When a router is infected by the new Mirai variant it closes port 7547 and disables telnet as well, making it very difficult for ISPs to apply patches remotely. After rebooting the router, the malware is wiped from the device's memory. For that reason, Deutsche Telekom advised its affected users to unplug their routers, wait 30 seconds and plug them back in, in order to automatically retrieve a firmware update that rectifies the issue upon reboot, before the device is attacked and compromised again.

Users are also advised to consult their router's documentation in order to change default credentials related to their router, e.g. administration interface login password, Wi-Fi password and disable functionality that is either not used or poses security risks, e.g. remote Web administration and UPnP respectively. Upon infection, such malware usually affects the router's DNS server settings, which can lead to hijacking a user's internet connection. Therefore, tech savvy users are also advised to check that their DNS settings are properly configured. Less tech savvy users can use online tools, e.g. F-Secure's Router Checker, to check whether their DNS settings have been hijacked.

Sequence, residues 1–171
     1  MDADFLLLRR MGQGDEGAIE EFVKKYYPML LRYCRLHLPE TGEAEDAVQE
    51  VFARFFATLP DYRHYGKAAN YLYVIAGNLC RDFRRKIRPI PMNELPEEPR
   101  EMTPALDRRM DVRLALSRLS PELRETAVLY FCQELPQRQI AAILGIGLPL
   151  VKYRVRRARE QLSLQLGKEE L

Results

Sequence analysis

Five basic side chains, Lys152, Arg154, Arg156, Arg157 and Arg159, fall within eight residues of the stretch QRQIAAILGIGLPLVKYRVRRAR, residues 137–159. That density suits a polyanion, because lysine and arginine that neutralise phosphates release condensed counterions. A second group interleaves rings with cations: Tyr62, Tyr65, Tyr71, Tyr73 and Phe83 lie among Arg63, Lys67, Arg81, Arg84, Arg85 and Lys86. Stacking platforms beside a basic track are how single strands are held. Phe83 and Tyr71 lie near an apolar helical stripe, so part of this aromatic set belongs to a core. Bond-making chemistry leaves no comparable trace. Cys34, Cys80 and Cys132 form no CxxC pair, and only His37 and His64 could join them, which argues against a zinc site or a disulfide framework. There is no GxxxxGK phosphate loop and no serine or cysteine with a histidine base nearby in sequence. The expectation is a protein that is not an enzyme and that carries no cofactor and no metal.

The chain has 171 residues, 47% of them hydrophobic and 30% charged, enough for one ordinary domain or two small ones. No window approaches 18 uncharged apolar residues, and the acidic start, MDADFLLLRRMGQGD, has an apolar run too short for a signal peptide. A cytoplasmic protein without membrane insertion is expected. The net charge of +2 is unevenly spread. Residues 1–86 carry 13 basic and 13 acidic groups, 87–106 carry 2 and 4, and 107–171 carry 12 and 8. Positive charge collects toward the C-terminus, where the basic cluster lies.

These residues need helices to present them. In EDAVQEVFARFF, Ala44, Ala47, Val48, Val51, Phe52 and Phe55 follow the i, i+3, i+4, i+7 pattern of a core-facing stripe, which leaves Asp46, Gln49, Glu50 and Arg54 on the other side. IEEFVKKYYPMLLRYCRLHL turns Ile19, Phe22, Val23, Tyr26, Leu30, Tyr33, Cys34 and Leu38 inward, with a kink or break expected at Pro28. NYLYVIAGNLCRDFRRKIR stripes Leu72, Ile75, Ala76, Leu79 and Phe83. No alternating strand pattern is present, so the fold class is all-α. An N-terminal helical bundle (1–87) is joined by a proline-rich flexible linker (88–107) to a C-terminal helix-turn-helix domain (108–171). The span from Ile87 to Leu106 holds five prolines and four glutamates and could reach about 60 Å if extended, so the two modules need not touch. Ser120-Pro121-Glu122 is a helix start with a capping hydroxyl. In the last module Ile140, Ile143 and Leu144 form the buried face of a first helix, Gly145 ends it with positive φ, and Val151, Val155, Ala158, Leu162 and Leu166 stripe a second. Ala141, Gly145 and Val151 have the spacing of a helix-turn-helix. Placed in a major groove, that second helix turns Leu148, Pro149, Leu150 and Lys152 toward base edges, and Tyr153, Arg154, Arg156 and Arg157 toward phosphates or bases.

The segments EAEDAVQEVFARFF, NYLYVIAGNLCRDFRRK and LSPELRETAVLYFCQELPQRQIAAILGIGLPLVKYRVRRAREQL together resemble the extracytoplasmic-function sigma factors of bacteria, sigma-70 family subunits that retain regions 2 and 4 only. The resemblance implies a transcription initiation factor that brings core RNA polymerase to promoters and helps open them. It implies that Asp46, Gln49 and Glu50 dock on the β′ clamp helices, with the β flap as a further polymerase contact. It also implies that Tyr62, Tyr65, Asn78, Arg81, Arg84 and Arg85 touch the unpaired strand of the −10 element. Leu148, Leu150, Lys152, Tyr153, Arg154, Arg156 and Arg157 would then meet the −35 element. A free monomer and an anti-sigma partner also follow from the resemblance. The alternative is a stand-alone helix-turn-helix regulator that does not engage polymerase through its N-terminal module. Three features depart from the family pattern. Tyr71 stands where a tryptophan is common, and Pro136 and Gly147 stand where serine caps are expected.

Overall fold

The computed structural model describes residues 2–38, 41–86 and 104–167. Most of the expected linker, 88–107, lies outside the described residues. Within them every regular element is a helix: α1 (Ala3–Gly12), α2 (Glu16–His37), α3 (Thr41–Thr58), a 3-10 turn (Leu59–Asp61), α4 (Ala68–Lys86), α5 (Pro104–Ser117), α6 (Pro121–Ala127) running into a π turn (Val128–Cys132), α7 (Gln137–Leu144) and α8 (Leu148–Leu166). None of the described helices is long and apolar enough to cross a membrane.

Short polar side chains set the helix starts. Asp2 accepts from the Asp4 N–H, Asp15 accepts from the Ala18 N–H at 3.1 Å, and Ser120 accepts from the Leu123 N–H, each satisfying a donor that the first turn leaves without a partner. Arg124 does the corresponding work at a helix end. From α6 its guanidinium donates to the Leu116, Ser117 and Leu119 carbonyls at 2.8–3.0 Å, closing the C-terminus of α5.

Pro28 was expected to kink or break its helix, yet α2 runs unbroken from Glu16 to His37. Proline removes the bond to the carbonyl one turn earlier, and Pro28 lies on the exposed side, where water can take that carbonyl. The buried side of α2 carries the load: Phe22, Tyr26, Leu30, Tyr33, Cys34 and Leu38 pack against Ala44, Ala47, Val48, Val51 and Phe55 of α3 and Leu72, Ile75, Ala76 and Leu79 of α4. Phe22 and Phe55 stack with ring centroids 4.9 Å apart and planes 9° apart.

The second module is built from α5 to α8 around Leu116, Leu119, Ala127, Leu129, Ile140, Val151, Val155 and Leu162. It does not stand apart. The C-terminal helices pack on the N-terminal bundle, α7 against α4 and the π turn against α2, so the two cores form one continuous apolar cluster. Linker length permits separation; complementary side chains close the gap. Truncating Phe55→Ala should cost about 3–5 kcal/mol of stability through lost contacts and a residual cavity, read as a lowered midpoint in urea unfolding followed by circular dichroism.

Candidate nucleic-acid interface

For ISPs

ISPs should restrict access to ports 7547 (and 5555) accordingly in order to protect routers from exploits against unpatched vulnerabilities. Routers should only accept connections to these ports from specific configuration servers and should not be accessible through the Internet. ISPs also need to closely monitor their networks for restricting malicious traffic that targets those ports. In general, ISPs need to have an actionable and practiced incident response plan in place, in order to be proactive and issue emergency patches in the event of security incidents.

For Vendors

In those cases where there is no possible fix for vulnerable routers and users find themselves in the unfortunate position of having to either replace their devices or remain vulnerable while continuing to use them, vendors should be in a position to follow certain procedures to recall affected devices and either patch them or replace them with non-vulnerable devices. Recalling affected and vulnerable devices has taken place before, in the aftermath of the recent Mirai DDoS attacks.

 

[1] Metasploit is a known penetration testing software.

About "Info Notes" from ENISA

With the "Info Notes" series ENISA aims to give interested readers some background information and recommendations about NIS related topics. The background information and recommendations derived from past experiences and common sense, and should be taken as starting points for discussions on possible courses of action by relevant stakeholders. Feel free to get in touch with ENISA to discuss or inquire more about the "Info Notes" series (cert-relations@enisa.europa.eu).

We use cookies to ensure we give you the best browsing experience on our website. Find out more on how we use cookies and how you can change your settings.

Ok, I understand No, tell me more